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Island bliss for Orang Utan 

Orang Utan in Bukit Merah Laketown Resort
Conservation effort: Members of the panel of advisers to the Bukit Merah Orang Utan Island Foundation watching the primates at Bukit Merah Laketown Resort.

THE Bukit Merah Orang Utan Island Foundation will release a pair of orang utan onto an uninhabited island in Bukit Merah Laketown Resort, near Taiping, as part of a programme to reintroduce the primates to the wild.

Its board of trustees chairman Tan Sri Mustapha Kamal Abu Bakar said the foundation was awaiting recommendations from a panel of experts on what to do and how best to go about the next phase in its conservation programme.

The BJ Island, on which the pair of orang utan will be released, will serve as a transition point before their actual release into the wild, he said.

The island is separate from the resort’s Orang Utan Island on which conservation efforts have been ongoing over the last decade.

Mustapha Kamal, who is also MK Land Holdings Berhad executive chairman, noted that the release of the pair would take place in about five months.

“It is time to release two of our sub-adults to BJ Island where there will be minimal intervention.

“They will be kept there for five years during which their behaviour and adaptation to the wild will be studied and recorded. After five years and until there are two generations, we will release them into the wild if we can,” he told reporters after receiving deputy Tourism Minister Datuk Dr James Dawos Mamit at the resort on Monday.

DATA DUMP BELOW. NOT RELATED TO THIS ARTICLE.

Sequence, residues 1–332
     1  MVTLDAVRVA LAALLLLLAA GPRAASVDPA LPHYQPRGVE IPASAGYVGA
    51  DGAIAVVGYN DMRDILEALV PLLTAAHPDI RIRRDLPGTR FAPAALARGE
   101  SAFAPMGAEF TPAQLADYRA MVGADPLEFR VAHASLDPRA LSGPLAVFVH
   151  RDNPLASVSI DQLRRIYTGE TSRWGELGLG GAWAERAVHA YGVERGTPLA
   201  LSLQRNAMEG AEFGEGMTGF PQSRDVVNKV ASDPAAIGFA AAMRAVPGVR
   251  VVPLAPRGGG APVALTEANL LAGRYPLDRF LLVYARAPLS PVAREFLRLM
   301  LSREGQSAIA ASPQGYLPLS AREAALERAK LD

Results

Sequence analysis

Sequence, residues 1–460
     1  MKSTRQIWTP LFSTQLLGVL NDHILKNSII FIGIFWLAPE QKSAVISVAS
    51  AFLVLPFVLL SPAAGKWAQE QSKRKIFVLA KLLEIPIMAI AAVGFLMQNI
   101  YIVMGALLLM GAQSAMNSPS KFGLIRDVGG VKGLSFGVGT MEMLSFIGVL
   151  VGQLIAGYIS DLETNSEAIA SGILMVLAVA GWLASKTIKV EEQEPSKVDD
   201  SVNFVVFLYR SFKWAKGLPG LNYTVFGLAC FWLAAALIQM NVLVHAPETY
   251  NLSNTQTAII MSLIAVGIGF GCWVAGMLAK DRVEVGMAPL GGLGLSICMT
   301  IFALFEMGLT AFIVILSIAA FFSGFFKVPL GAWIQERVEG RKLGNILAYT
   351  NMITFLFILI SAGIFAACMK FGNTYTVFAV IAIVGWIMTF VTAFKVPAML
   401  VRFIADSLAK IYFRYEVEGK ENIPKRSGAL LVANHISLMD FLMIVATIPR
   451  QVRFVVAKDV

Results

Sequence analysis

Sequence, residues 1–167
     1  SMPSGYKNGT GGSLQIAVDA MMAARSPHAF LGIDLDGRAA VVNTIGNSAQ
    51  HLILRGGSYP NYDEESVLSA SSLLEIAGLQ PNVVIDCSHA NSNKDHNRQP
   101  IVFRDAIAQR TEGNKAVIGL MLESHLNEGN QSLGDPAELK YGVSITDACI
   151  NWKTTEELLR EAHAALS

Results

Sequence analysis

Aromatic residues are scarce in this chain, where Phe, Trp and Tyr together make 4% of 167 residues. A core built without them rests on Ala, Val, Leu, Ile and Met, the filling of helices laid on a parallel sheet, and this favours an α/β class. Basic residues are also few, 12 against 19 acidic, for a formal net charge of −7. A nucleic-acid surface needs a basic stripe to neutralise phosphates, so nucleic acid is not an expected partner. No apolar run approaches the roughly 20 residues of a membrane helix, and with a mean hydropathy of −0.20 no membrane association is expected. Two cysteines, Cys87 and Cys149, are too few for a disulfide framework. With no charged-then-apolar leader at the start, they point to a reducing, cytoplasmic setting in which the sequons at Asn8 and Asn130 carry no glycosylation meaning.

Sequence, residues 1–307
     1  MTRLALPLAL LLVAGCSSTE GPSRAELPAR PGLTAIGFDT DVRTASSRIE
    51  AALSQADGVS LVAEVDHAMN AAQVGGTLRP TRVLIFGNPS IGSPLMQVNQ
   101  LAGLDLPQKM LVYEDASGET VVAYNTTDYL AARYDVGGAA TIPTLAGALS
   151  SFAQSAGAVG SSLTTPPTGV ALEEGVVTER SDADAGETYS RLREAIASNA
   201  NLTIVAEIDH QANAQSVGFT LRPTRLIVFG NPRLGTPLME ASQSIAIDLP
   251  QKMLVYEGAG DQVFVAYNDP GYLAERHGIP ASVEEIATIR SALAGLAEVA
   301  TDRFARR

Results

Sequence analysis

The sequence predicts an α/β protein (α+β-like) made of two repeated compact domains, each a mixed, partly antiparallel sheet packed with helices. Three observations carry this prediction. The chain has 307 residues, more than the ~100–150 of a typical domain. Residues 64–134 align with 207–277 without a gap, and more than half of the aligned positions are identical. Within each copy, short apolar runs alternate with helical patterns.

The foundation’s conservation programme, which began in the year 2000 and cost up to RM5mil to date, has a total of 26 orang utan.

Out of the number, 16 infants — seven females and nine males — have been born on Orang Utan Island.

According to Mustapha Kamal, the outcome of the discussion between the foundation and the panel of advisers would be made known after it was completed.

“We want to turn this place into a centre of excellence in orang utan conservation,” he said, adding that University of Kyoto primate research institute assistant professor Misato Hayashi would be heading the study on the 5.6ha BJ Island.

In his speech when opening the discussion, Mamit recommended that the foundation place greater importance on the primates’ diet in order to cut down their 5% death rate.

On another matter, he said the Tourism Ministry was working on bringing a few orang utan to the Kanching Forest Reserve in Shah Alam and Ulu Gombak Forest Reserve in Kuala Lumpur as tourist attractions.

“Many tourists visiting the Klang Valley want to look at the primates but do not want to travel the distance to so.”
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Source: The Star

 

 

 

  
 
 
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